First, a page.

Background: Consensus exists that appropriate regional cesarean rates should not exceed 15% of births, but China’s cesarean rate exceeds 50% in some areas, prompting numerous calls for its reduction. At present, China’s 2016 two-child policy has heightened the implications of national cesarean section trends.
Objective: This study leveraged pervasive cellular phone access amongst Chinese citizens to test the effect of a low-cost and scalable prenatal advice program on cesarean section rates.
Methods: Participants were pregnant women presenting for antenatal care at a clinic in Xi’an, China. Assignment was quasirandomized and utilized factorial assignment based on the expecting mother’s birthday. Participants were assigned to one of the following four groups, with each receiving a different set of messages: (1) a comparison group that received only a few “basic” messages, (2) a group receiving messages primarily regarding care seeking, (3) a group receiving messages primarily regarding good home prenatal practices, and (4) a group receiving text messages of all groups. Messages were delivered throughout pregnancy and were tailored to each woman’s gestational week. The main outcome was the rates of cesarean delivery reported in the intervention arms. Data analysts were blinded to treatment assignment.
Results: In total, 2115 women completed the trial and corresponding follow-up surveys. In the unadjusted analysis, the group receiving all texts was associated with an odds ratio of 0.77 (P=.06), though neither the care seeking nor good home prenatal practice set yielded a relevant impact. Adjusting for potentially confounding covariates showed that the group with all texts sent together was associated with an odds ratio of 0.67 (P=.01). Notably, previous cesarean section evoked an odds ratio of 11.78 (P<.001), highlighting that having a cesarean section predicts future cesarean section in a subsequent pregnancy.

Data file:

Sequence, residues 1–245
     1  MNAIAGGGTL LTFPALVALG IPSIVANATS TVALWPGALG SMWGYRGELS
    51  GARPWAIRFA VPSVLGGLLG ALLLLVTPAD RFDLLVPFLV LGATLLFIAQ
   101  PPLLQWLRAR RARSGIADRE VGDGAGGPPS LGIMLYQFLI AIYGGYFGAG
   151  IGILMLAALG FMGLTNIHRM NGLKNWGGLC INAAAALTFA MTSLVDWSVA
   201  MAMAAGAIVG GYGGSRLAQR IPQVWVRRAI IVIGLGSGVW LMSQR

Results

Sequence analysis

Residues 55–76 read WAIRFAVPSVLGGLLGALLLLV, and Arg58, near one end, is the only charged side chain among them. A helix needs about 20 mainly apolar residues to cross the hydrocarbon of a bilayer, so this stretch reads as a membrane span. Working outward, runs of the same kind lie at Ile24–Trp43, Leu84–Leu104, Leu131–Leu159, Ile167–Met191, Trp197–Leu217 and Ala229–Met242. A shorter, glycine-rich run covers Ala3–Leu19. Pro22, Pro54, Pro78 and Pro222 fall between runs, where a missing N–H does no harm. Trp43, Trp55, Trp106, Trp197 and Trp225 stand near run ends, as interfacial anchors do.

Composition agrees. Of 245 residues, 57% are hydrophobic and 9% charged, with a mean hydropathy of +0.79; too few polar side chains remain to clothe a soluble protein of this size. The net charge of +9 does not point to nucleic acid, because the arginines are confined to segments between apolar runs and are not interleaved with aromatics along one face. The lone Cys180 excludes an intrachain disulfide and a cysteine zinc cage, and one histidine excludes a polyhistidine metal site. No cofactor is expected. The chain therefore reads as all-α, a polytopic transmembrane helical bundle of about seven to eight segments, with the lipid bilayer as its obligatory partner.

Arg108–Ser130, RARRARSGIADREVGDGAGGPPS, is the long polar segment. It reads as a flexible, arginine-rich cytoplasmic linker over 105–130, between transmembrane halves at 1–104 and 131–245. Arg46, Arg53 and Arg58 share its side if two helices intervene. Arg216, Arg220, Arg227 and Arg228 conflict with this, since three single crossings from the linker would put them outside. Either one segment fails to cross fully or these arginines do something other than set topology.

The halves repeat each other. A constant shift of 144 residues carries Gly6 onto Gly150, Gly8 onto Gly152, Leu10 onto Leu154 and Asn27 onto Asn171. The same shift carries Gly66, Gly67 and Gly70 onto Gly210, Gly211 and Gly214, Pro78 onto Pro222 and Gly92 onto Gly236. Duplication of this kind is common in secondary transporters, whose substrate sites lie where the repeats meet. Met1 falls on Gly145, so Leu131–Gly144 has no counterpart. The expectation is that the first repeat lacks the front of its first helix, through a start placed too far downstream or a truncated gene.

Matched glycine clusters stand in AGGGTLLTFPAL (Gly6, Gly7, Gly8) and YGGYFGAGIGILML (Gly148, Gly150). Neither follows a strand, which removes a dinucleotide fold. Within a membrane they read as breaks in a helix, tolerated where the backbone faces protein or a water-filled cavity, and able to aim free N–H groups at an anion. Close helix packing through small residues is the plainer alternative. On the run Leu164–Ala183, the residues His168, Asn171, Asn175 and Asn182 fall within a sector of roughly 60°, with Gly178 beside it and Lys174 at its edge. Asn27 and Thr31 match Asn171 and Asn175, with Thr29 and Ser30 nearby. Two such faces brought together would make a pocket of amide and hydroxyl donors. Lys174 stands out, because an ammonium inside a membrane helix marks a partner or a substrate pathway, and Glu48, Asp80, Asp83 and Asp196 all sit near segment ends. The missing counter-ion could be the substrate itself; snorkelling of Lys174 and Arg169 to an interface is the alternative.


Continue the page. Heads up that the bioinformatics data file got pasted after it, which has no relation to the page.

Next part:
Conclusions: Sending pregnant women in rural China short informational messages with integrated advice regarding both care-seeking and good home prenatal practices appears to reduce women’s likelihood of undergoing cesarean section. Reducing clear medical indications for cesarean section seems to be the strongest potential pathway of the effect. Cesarean section based on only maternal request did not seem to occur regularly in our study population. Preventing unnecessary cesarean section at present may have a long-term impact on future cesarean section rates.
Trial Registration: ClinicalTrials.gov NCT02037087; https://clinicaltrials.gov/ct2/show/NCT02037087.
International Registered Report Identifier (IRRID): RR2-10.1136/bmjopen-2015-011016
The global health care community has estimated that regional cesarean section (CS) rates should not exceed 10% to 15% [, ]. However, in the Global Survey by the World Health Organization (WHO), CS in China was estimated to involve 46.2% of all deliveries, which is the highest rate for any country in the survey [ ]. In a recent multicenter survey of 39 hospitals across mainland China, the overall CS rate was 54.90% [ ]. It is estimated that between 1990 and 2014, China had an average annual rate of increase in CS of about 10%, and misconceptions of pain, genital modification, safety, and cultural fortune were reported as leading factors [ ]. Since at least 2008, this increase was most visible in the rural counties of China [ ]. Though rural counties have clearly lower rates of CS than general city or “supercity” areas, as of 2014, the average rural county CS rate was slightly over 30%, and it is rising [ ].